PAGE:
Duffy’s Cut: Hopes that the mass grave of Irish dead have been uncovered

Rev. Dr. Frank Watson Dr. William Watson and Earl Schandelneir pictured at the monument at the back of Derry's Quay. DER2815MC077
Rev. Dr. Frank Watson Dr. William Watson and Earl Schandelneir pictured at the monument at the back of Derry's Quay. DER2815MC077
  • There are hopes that the mass grave of remains may have been located
  • The Watson brothers pioneered the search for the Irish dead
  • 57 emogrants left Derry quay in 1832
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Fresh searches have gotten underway in the United States in an attempt to recover the remains of 51 Irish workers who died at a campsite at Malvern, Pennsylvannia where they had been employed as railway workers having emigrated from Ireland in 1832.

And, researchers are hopeful that this may uncover the mass grave where most of the remains of the dead are located.

Fifty-seven workers, mainly from Donegal and Tyrone had been hired by construction chief Philip Duffy to help lay rail track through the woods of Pennsylvannia. They left Derry quay upon the ship John Stamp. Yet, just weeks after their arrival all of them were dead, either through cholera, murder or a combination of both factors.

In July this year a delegation of academics and archaeologists who pioneered the excavation travelled to Derry to visit the city’s quay from where the emigrants emabarked and to take part in a funeral mass and burial ceremony for the only woman who at the site known as ‘Duffy’s Cut’. The remains of 29-year-old Catherine Burns were reinterred at St Patrick’s Church, near Coalisland, County Tyrone. Injuries to her skull indicate she had been murdered.

Previously it had been thought that further searches for the remains would not be possible because of the proximity of the rail track to the burial site of the dead of Duffy’s Cut. However, the new search site is about 50 yard away from the original burial site and is also close to the memorial wall built in 1909 to commemorate the victims.

The story of Duffy’s Cut has been brought back to life over the past decade by brothers, Frank and William Watson, a Lutheran minister and a historian at Immaculata University.

DUFFY'S CUT. . .Dr. William Watson reading a copy of the Journal outside the city's Guildhall during his visit to Derry this summer..  DER2815MC076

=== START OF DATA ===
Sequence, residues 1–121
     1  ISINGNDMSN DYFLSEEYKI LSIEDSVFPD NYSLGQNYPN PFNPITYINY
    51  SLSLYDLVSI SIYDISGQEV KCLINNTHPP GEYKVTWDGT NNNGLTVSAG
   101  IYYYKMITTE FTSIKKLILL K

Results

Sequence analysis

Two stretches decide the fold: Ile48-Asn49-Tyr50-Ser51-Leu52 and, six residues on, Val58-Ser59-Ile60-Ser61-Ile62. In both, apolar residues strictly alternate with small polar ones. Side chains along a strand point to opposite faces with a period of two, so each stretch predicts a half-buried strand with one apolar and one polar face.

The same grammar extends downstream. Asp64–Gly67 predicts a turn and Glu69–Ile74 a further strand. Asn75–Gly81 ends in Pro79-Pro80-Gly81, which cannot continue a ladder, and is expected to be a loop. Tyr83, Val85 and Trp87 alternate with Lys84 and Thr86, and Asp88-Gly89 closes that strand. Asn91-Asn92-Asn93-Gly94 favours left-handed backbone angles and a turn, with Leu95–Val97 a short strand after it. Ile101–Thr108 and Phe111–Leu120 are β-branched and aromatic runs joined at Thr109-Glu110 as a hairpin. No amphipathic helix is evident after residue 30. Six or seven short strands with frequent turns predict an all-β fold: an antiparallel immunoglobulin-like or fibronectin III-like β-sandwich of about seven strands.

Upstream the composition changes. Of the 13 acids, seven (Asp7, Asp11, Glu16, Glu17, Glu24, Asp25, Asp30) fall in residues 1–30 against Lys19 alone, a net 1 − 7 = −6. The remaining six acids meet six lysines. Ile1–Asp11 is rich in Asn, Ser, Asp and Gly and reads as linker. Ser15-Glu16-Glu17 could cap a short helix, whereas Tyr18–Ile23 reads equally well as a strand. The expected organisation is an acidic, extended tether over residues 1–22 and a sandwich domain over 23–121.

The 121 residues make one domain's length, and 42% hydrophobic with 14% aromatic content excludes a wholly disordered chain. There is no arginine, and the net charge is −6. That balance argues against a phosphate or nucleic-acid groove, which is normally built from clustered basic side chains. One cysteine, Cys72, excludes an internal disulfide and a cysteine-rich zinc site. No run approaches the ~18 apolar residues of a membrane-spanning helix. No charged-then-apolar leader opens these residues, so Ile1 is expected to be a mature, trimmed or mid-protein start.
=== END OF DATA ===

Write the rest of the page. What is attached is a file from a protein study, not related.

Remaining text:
DUFFY'S CUT. . .Dr. William Watson reading a copy of the Journal outside the city's Guildhall during his visit to Derry this summer.. DER2815MC076

Following negotiations with America’s national railroad, Amtrak, they were granted permission to carry out the new dig.

Frank Watson said: “What we are conducting now are core samples of the site of what we believe is the mass grave of the reamining 51 labourer’s at Duffy’s Cut.

“We have core samples being taken between 20 and 30 feet along an area underground that our geophysicist indicated looks like the mass burial place.

“If we find human remains in these core samples our intent is to excavate the remains and re-inter them in the United States, at West Laurel Hill Cemetery in Bala Cynwyd, PA, and in Ireland, as we have already done with the first 6 bodies who were buried at the base of the 1832 railroad tracks).”

It was a tale of injustice. We are here to put the final stamp on it after many years-William Watson

The core sampling should be completed by the end of this week. “They will be analyzed by Dr. Janet Monge of the University of Pennsylvania,” Dr Watson said. “We hope, if there are viable remains, to be able to match them up additional laborers from the John Stamp.”

The Watson brothers and their team rely entirely on donations to complete their honorable work to give these Irish immigrants murdered and buried in a pit, thousands of miles from home, a dignified burial.

Last July, a group of men, including the Watson brothers, who eventually unearthed the uncomfortable truth of what took place over 180 years ago in the woods at Malvern, close to Philadelphia visited the spot on Derry’s quay from where the unfortunate migrants set sail.

Dr Frank and Dr William Watson, set about unravelling the mystery after they were bequeathed a set of papers by their grandfather. Their grandfather had been assistant to Martin Clement, a former Chairman of the Pennsylvannia and Columbia Railway. When the company went out of business in 1970, the Watson’s grandfather kept the file concerning Duffy’s Cut. It was marked as ‘confidential’.

EAMON AD HERE. . ..'Front left to right, Eal Schandelneir, Rev. Dr. Frank Watson, Dr. William Watson. Back from left, Bob McAllister and Tom Conners. DER2815MC075

EAMON AD HERE. . ..'Front left to right, Eal Schandelneir, Rev. Dr. Frank Watson, Dr. William Watson. Back from left, Bob McAllister and Tom Conners. DER2815MC075